Guys I know there is a canbus cable but can I just get a cheap Y splitter cable on ebay for a buck instead? Any disadvantages from the CANBUS cable? What connector plug type does it use? I know it’s just a black and white cable. Any thoughts are greatly appreciated.
The VESC is capable of traction control if you connect two over CAN
Ok so that’s good to know. Can I make that connection myself? Thanks again!
you can, i dont know the connector type.
you also can simply buy it
Or you can solder the connection
I’d like to solder it but …have u done it or have advice?
If you have spare computer parts or a spare computer case, you can use the power button/LED wires for the connection, you’ll need to snip the wire and put another header on there though.
Or if you have an Raspberry / Arduino, you can use two single gpio wires
The CAN bus connection is nothing more than just two wires. It can’t get any simpler than that.
Is there a risk of overheating the rest of the board?
Also you’re the only person I’ve come across who has an explaination for how voltage reduces heat in a motor. I remember long ago you explained it as similar to an ac circuit or something…could you again!? It was a while ago. As of lately I can’t find such an explaination
Thank you. That’s just the answer I expected! I’ve read that the CANBus is only for data transmission. It still needs additional wires for power? More research and reading to do! Thanks guys.
Power equals Voltage x Current : P=U x I
So for any given Power, Voltage and Current will be inversely proportional.
Raise the voltage and the current will drop proportionally.
Dissipated heat is quadratically proportional to current.
If you halve the current, you quarter the heat.
I don’t have much soldering skills, so I crimp both ends of both wires and connect to a 4 pin JST-PH 2mm female connector. Then connect to male connectors in each VESC.
Here is a picture of how I made it.
But you get the same heat to torque ratio regardless of what winding you have. So running a given motor at 100 volts and one amp will produce the same heat as a motor at 1 volt and 100 amps. Do u have a link that better explains what you’re saying about the dissipated heat being quadraticly proportional to current?
If you raise the voltage on a given motor the current won’t drop unless the winding has more turns. More turns means thinner wire and greater resistance and more heat. I read they end up the same
You can’t just add more volts to the same motor and expect it to run cooler in fact it will run hotter as the motor is most efficient running at 80% of its no load rpm. This is what I read
Volts x amps being power I think is more so a potential. In terms of power out… Torque x speed. Speed is a potential of voltage but not a gaurentee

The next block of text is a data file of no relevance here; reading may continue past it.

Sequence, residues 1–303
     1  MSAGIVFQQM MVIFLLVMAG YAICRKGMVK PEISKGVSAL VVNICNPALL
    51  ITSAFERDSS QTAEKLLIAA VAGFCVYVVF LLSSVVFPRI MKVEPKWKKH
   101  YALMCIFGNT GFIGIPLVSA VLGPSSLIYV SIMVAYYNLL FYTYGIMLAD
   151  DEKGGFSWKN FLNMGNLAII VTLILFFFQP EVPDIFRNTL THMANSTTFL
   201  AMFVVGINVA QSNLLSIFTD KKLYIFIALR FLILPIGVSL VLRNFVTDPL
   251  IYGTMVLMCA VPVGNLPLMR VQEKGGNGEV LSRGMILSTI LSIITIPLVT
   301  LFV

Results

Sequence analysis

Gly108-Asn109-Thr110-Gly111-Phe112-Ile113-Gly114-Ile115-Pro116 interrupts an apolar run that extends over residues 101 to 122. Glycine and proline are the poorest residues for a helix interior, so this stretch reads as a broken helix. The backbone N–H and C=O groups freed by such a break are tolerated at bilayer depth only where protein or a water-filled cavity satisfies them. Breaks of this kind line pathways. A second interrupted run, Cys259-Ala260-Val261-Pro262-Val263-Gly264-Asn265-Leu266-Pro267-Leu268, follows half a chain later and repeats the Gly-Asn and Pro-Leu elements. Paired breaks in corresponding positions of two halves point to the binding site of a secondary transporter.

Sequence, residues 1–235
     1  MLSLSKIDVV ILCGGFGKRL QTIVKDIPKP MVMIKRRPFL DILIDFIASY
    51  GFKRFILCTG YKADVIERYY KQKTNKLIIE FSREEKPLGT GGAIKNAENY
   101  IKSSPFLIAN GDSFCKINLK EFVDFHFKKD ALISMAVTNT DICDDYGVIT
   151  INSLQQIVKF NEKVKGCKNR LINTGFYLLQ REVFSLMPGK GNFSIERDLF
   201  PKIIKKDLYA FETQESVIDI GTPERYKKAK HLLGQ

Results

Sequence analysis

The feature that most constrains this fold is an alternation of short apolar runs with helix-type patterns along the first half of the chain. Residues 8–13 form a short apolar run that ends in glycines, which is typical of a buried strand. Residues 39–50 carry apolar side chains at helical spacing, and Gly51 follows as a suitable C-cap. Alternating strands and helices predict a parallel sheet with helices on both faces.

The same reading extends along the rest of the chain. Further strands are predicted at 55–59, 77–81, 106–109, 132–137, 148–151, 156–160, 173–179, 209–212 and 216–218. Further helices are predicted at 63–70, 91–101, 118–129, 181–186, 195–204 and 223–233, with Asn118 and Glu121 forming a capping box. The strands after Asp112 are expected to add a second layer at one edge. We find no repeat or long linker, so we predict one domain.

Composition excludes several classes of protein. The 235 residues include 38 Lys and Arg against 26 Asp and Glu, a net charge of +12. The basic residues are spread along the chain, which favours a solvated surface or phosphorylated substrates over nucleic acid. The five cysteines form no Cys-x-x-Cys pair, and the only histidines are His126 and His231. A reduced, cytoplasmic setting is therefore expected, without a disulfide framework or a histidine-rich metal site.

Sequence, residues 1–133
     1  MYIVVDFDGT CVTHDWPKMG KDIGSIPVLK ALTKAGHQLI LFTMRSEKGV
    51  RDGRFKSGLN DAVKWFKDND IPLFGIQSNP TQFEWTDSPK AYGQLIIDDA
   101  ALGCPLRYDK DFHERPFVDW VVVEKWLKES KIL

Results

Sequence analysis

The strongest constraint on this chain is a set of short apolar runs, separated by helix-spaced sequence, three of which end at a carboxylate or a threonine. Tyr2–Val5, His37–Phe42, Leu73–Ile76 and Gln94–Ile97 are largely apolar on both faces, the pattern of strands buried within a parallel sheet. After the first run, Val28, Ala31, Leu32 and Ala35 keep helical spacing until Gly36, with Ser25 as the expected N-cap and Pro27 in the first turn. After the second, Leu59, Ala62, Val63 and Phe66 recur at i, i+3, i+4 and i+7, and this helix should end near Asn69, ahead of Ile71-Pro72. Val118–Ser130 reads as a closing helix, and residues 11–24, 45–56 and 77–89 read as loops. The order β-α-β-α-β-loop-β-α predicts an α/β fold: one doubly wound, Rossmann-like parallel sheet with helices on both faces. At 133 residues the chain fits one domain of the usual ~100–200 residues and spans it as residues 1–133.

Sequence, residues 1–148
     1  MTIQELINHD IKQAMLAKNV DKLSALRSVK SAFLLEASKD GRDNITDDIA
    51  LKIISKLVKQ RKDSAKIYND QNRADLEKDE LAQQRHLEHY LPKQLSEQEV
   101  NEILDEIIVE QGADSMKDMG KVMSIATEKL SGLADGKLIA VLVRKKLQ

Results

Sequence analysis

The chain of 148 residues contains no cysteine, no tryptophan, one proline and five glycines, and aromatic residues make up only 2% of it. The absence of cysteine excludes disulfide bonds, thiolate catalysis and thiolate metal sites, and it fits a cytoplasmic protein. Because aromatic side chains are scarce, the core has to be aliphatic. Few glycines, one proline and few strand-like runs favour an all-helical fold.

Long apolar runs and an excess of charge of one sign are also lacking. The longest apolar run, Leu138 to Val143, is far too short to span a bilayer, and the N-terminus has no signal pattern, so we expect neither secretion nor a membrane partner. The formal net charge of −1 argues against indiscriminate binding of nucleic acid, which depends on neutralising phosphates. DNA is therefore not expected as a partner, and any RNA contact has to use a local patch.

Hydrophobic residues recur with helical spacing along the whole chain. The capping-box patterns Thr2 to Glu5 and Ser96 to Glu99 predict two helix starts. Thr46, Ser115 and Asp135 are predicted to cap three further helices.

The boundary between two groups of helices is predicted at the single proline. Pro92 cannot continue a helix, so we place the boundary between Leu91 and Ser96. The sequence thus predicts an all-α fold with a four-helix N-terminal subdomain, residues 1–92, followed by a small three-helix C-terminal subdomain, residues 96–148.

Thanks sgaana! Where did you get those JST-PH connectors? I assume eBay as well since I’ve seen them before. What wire gauge did you use for the two wires? Thank you for the picture references.
Local electronics store.
I’m not sure about wire gauge size. I explained to my local store what I was going to build and they said any wire would work, as long as you can crimp them.
I am not too handy and did not have tools to do this. I ended spending money buying tools and tried tens of times before I got it right. But it was a nice learning experience.
You can buy from some members of this forum for reasonable price and they are well made, unlike mine. .
http://www.hellray.de/shop/#!/eSkateboard-JST-PH-2mm-Kabel-für-VESC-mit-4-Pin/p/60319783/category=15255004 (you need only two middle wires)
Look up the equation for Joule Heating, you’ll find the heat produced is proportional to I squared.
P= V x I is one of the most basic electrical engineering equations out there. It doesn’t matter if it’s a toaster putting out 500W or a brushless motor putting out 2500W, this equation governs the relationship between Power, Current and Voltage.
With respect, If you want to doubt this, feel free to do so, but don’t try to convince me.
Now let’s not hijack this thread any further.
We will see. Ur changing the situation. I’m interested. But too tired. I’ll find you a good rebuff in the morn
heat produced is related to the thickness and length and material of the wire and ultimately it’s resistance
Power … I don’t know. Do you believe that if you add 100 volts to the set-up you’re running now it will be more efficient?
Dude, why the hell do you think electrical power distribution networks run at voltages in the kiloVolt range and not just plain 110V or 230V ?
I’m done discussing the obvious.